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AUTO RACING PACKAGE: Pride, sense of history drive British team to record

October 22, 1997

GERLACH, Nev. (AP) _ The talc-like desert sand coating the black Thrust SSC was too tempting, so somebody scrawled: ``We’re not doing this because it is easy, but because it is hard.″

And for six hard weeks, the team battled mechanical problems, dwindling finances and weather that ranged from 90 degrees to 30, from burning drought to snow, and the unrelenting dust that whipped into zero-visibility storms and trashed fragile car parts.

There were few days off, which was just as well, since there was little to do during any idle hours anyway. The 31-member British team was in the Black Rock Desert, thousands of miles from home and 100 miles from anywhere.

``Time after time the team has prepared for action, only to have to stand down again,″ Thrust SSC’s Jeremy Davey wrote.

His remark was published on the Thrust website on Oct. 13. That was the day the jet-powered car achieved its goal of the speed of sound, only to become an asterisk in the record books by failing to get turned around in time.

The rules require two runs within an hour on a course that stretches 13 miles across the dry lake bed. Thrust missed it by less than a minute.

The team returned Oct. 15 to accomplish its mission with runs of 759.333 mph and 766.609 mph. Under the formula used by the United States Automobile Club, which times the event, the average was set at 763.035 mph, or Mach 1.02, 2 percent faster than the speed of sound.

Timing of another sort was part of the record run. Green, an RAF fighter pilot who routinely flies through the sound barrier, drove through it officially 50 years and one day after Chuck Yeager became the first pilot to trigger a sonic boom.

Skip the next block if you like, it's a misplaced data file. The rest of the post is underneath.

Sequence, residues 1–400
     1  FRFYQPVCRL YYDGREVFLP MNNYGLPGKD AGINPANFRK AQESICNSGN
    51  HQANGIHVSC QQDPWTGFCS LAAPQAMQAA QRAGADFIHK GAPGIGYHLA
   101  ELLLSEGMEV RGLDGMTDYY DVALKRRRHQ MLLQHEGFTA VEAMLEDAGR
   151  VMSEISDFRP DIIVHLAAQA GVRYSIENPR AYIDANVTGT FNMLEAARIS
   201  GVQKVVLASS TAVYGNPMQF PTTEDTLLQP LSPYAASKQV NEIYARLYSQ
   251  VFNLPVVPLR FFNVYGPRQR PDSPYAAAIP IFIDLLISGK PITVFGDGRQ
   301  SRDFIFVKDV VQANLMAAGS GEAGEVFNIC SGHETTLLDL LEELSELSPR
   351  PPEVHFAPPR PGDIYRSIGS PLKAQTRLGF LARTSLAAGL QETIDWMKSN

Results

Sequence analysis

Project leader Richard Noble didn’t hear Thrust’s sonic boom that he had longed to experience. It was muffled by the desert floor. But it rocked the tiny town of Gerlach, 15 miles away.

And Noble got what he came for.

``We have a world first and the best land speed record of all time,″ he said.

Noble held the record himself for almost 14 years, setting it Oct. 4, 1983 at 633.46 mph in this same desert 125 miles north of Reno.

His protege, Thrust driver Andy Green, shattered that by nearly 81 mph on Sept. 25 with an average of 714.144 mph for the two runs.

That was the day the reminder appeared in the dust on the side of the car. Jeremy Davey also wrote: ``Everybody is getting down to it _ this is no time to be sitting on our laurels.″

Despite an almost relaxed air among the team, even during a run, the graffiti and Davey’s urging underscored the dedication to achieve a nearly impossible goal.

``The first team that ever climbed Mount Everest didn’t get up there just to see what the view was like,″ Green said. ``They could have flown over it in an airplane. They learned a lot about themselves and showed a lot of people that it could be done in doing so.″

Noble was a bit more nationalistic.

``We have created and marked a world first, a record that will stand as a tribute to British engineering,″ he said.

Thrust operations manager Adam Northcote-Wright was even more direct.

``You can make a record any day,″ he said, ``but you can only make history once.″

End Adv for Thursday Oct. 23

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